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Fed Governor Calls Crypto 'Just Electronic Gold'

Last Update: 2022-05-31

Fed Governor Calls Crypto 'Just Electronic Gold'

Federal Reserve Governor Christopher Waller on Friday played down the functionality of cryptocurrencies while again expressing his skepticism about adopting a central bank digital currency when consumers already have access to fast payment systems.

“These things aren’t payment instruments at all,” Waller said of cryptocurrencies during a virtual panel on central bank digital currencies. “My view is these things are just electronic gold. They're forms of storage carrying wealth across time. Look at art, look at baseball cards. Look at all of this stuff that's intrinsically useless that people pay a lot of money and hold on to because they think they can sell it later and get their money back.”

The Fed governor also thinks blockchain isn’t all that useful right now.

“I think Blockchain is totally overrated,” he said. “The question is is it the most efficient way to do stuff? We know distributed ledger blockchain is one way of doing transactions and record keeping, but it’s not efficient.”

His comments on blockchain and crypto overall came amidst a panel discussion on the validity of central bank digital currencies (CBDC) and their impact on the global financial system. Waller reiterated his skepticism of adopting a CBDC, noting that consumers already have access to faster payments without one.

He questioned whether the Fed should change its 100-year old position of staying in the background of the payment system and take a more forward role in processing payments for consumers and businesses, sidestepping banks. He likened research papers on CBDCs to infomercials, questioning why the U.S. would need a CBDC.

“I’m trying to focus on why do we really need it as opposed to look at all the bells and whistles that come along with it,” said Waller. “I haven't been convinced about yet. It's not saying that I can't be, but I haven't seen that on retail CBDC.”

While the U.S. mulls over the pros and cons of adopting a CBDC, other central banks around the world are also toying with the idea and some are already testing them. Many have called the race to adopt a CBDC the "digital currency space race" where those that fall behind may see their currencies threatened. But Waller says he doesn’t think other central bank digital currencies, notably China’s, presents a risk to the U.S. dollar.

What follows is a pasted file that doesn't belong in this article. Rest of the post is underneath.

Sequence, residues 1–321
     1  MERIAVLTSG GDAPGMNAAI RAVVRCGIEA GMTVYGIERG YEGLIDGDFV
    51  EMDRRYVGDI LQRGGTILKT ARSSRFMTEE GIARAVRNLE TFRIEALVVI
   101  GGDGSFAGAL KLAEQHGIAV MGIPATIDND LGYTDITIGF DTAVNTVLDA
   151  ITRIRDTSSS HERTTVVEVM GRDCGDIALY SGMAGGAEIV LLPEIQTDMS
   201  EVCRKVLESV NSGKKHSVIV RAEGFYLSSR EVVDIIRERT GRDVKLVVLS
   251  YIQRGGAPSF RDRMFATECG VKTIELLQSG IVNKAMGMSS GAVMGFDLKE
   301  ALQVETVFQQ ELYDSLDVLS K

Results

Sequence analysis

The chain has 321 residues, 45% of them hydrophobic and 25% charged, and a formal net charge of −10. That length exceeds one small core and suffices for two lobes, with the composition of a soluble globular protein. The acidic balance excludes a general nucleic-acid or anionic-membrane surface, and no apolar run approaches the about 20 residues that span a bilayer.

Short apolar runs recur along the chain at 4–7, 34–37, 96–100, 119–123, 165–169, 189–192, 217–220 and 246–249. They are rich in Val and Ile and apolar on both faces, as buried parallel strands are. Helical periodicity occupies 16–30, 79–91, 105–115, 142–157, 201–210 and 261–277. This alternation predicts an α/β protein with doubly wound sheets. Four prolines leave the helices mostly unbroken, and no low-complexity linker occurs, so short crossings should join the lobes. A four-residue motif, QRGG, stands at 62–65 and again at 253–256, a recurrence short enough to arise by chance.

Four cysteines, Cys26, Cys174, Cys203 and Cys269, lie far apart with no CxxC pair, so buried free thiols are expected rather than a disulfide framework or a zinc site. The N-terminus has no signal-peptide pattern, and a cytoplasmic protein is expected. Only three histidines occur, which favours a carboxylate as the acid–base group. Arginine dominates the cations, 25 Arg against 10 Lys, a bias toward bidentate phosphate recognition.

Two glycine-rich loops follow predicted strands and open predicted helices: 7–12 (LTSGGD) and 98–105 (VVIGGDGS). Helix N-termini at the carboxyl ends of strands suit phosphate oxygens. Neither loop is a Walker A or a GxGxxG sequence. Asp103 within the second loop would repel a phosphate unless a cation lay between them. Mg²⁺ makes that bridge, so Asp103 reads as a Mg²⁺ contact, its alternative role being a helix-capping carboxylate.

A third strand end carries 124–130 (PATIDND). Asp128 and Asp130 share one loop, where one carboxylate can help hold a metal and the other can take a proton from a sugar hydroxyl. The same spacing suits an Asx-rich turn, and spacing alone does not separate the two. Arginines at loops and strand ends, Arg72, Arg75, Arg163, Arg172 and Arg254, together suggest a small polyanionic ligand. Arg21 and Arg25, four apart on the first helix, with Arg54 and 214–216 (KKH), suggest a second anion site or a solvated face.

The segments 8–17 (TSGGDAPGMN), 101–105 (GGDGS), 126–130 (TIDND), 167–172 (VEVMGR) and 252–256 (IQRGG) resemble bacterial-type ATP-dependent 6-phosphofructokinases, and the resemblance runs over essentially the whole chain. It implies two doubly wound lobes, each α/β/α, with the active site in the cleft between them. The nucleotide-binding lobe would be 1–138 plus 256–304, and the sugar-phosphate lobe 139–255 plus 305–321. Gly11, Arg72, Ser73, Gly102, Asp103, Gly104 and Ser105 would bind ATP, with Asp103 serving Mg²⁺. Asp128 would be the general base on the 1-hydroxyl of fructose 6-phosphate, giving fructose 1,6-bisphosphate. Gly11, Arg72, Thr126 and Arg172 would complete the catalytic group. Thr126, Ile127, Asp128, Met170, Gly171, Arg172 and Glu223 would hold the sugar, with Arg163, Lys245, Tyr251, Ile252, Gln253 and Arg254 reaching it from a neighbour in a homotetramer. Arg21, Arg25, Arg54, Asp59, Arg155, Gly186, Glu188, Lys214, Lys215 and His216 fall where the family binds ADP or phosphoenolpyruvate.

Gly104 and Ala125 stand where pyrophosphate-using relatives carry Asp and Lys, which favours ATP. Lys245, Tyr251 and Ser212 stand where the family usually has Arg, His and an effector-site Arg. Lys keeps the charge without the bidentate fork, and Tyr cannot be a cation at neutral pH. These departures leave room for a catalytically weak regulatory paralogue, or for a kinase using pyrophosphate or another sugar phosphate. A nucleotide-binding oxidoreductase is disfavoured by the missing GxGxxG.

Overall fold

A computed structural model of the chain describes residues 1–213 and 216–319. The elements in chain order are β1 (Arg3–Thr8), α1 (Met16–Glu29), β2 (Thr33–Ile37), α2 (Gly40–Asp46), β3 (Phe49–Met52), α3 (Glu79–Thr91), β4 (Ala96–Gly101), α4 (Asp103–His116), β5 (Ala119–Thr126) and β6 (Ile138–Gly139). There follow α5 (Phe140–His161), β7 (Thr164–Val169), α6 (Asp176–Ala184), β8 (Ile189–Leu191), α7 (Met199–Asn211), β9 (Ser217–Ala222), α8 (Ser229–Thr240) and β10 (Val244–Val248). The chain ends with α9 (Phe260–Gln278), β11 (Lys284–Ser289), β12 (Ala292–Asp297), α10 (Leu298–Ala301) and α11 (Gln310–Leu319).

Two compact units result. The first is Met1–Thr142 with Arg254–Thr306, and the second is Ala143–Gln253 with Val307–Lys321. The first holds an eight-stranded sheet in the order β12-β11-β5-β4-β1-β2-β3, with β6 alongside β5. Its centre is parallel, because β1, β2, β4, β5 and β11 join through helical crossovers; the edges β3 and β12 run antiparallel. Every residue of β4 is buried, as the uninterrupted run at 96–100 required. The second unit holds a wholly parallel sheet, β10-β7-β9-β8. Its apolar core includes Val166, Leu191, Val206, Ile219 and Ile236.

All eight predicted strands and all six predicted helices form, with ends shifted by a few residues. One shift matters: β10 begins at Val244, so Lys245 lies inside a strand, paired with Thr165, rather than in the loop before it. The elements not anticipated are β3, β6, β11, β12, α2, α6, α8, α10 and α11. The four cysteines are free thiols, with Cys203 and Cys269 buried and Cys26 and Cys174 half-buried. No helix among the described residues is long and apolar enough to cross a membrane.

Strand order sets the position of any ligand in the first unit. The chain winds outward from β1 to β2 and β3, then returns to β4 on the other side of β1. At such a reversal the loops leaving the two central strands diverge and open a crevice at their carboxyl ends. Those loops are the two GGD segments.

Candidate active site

“What has the [People's Bank of China] done,” Waller said. “They've allowed Chinese households to have a bank account with the PBOC so they can pay their electric bill… I don't see how having payment accounts at a central bank threatens the dollar in any way, shape, or form.”

On the flip side, Waller said he could see how retail direct access to a U.S. CBDC at the Fed could threaten currencies in other countries if foreigners are permitted to have accounts at the Fed.

“There'll be such a rush of demand for these accounts that other governments and other central banks would have a problem,” he said.

He added that any currency that’s pegged to the U.S. dollar, or a stablecoin that’s pegged to the dollar, imports U.S. monetary policy and amplifies U.S. policy not diminishes it.

Waller’s comments come after Fed Chair Jay Powell spoke earlier this week on a CBDC. The Fed hasn’t made a decision on whether to pursue a CBDC yet, Powell said, though it’s collaborating with other central banks on CBDCs, addressing frictions in international payments, and finding consensus on some principles. Powell on Wednesday said digital innovation in the financial sector is here to stay and with it, new regulations will need to be created.


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